I want to go out for the evening and I don't want to give formula milk. What should I do?
This has a simple solution, which is to express and store breast-milk. This can then be given to the baby when he or she demands a feed. A breast-feeding mother who is going back to work but wants to continue breast-feeding can use the same strategy. It is also useful if the mother wants to catch up on sleep and the partner or another adult member of the household, is available to take over the feeding responsibility.
If you are considering expressing breast-milk, it is important that you get adequate guidance on how this is best done. A breast-feeding counselor will happily do that.
There are two main ways of expressing milk. One is hand expression, which is easy to master but time-consuming. The second is using a breast pump. There are three main types of pumps, which are hand-operated, battery-operated and electric pumps. Electric pumps are the most efficient but the initial financial outlay may be considerable.
Scrupulous cleanliness must be observed when expressing milk and it should be stored in sterile containers. To avoid wastage, feed-size bottles can be used so only the container to be used each time is thawed and if there is any left over, this must be discarded.
Expressed milk should ideally be stored in the fridge, where it can stay for up to 5 days. If there is a possibility that the milk will not be used within that time, then it should be put either in the freezer compartment of a refrigerator where the temperatures are below zero (0°C) where it will keep for up to two weeks, or in the deep-freezer. Here, with very low temperatures of around minus 18°C or lower, the milk will be safe for up to six months.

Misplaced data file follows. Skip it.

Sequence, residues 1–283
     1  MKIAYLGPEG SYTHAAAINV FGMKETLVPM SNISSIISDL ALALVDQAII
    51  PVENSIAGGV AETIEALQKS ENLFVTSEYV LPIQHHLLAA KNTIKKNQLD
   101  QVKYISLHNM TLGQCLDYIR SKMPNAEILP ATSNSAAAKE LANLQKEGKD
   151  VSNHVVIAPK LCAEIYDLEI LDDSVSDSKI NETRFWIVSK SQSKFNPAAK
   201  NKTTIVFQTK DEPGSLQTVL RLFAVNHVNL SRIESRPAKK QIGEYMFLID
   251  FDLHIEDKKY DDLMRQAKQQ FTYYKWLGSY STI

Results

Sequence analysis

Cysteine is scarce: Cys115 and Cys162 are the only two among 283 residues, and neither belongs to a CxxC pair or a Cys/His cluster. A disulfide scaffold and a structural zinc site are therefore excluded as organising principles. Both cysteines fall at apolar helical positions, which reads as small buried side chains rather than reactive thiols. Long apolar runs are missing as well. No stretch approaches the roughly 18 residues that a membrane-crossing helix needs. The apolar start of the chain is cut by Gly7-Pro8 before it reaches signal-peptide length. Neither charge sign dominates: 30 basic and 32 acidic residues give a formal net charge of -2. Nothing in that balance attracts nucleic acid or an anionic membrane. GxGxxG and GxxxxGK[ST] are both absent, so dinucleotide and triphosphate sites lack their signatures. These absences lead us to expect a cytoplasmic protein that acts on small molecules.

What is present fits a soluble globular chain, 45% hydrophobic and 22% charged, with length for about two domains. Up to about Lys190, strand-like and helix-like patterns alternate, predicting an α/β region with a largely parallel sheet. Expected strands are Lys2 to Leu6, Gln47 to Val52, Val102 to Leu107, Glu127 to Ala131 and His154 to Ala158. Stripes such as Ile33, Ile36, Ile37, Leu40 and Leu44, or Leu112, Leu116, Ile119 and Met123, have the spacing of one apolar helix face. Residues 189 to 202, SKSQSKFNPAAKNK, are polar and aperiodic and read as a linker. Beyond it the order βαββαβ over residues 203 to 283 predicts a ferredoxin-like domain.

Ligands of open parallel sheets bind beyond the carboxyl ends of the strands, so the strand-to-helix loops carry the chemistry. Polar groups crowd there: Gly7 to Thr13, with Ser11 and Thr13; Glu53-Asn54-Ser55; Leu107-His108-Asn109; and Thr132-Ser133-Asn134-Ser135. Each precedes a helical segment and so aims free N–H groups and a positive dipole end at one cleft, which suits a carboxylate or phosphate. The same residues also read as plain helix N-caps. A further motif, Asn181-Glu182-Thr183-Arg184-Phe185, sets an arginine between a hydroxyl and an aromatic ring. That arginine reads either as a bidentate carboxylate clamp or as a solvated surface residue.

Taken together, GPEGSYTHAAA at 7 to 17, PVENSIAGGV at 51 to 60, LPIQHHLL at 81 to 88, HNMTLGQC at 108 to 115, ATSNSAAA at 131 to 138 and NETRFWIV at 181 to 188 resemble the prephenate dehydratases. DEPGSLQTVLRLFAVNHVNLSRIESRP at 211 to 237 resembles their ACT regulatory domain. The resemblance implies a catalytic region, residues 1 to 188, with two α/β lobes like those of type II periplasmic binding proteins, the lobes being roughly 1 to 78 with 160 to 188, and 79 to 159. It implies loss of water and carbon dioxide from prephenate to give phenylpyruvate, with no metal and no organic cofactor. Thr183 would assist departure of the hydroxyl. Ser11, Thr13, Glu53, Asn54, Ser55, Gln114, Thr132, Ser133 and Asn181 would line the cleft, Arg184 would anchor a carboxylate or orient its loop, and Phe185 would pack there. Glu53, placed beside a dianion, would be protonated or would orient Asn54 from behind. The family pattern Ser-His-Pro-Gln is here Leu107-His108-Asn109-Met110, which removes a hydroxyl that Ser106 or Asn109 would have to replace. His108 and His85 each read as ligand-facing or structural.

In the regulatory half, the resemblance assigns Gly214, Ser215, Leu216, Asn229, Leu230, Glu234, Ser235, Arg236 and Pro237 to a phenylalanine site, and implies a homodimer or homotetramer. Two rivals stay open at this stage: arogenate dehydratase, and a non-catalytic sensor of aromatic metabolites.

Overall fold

There is evidence that the nutritional and immunological value of expressed breast milk is preserved better if milk is stored in the fridge rather than frozen. However, it is important that the mother is sure that the fridge can maintain a steady temperature of above freezing but below 5 degrees Celcius (5°C). A lot of fridges, especially the older models are unreliable in this regard and faced with such a situation, it may be safer to stick with the freezer option. Milk stored in the fridge should be consumed (or discarded) within 5 days
I am going back to work. Do I have to give up breast-feeding?
Not at all. For a mother going back to work, there are three main options. There is:
Switching to formula milk in the intervals when you are at work and breast-feeding at all other times, or
Using expressed milk during your absence and breast-feeding when you are at home.
If you are keen to maximize the benefit of breast-milk for your baby, the last option will be the best. This strategy needs to be decided upon very early in the first two to three weeks of your baby's life. This gives you plenty of time to express and store sufficient quantities of milk.
Remember that you can confidently continue using breast milk exclusively for up to four months before considering supplements. Just ensure that the milk is expressed and stored in the appropriate manner.
How do I thaw expressed breast-milk?
If the milk was in the freezer, it can be transferred to the fridge or at room temperature for slow defrosting. Quicker defrosting is achieved by placing the milk container in a large bowl of warm water. Once fully defrosted, the milk should be shaken to allow the cream to mix-in again. A microwave should never be used to defrost breast milk. Once defrosted, the milk should be used within 24 hours, after which it should be thrown away if unused. It should never be refrozen.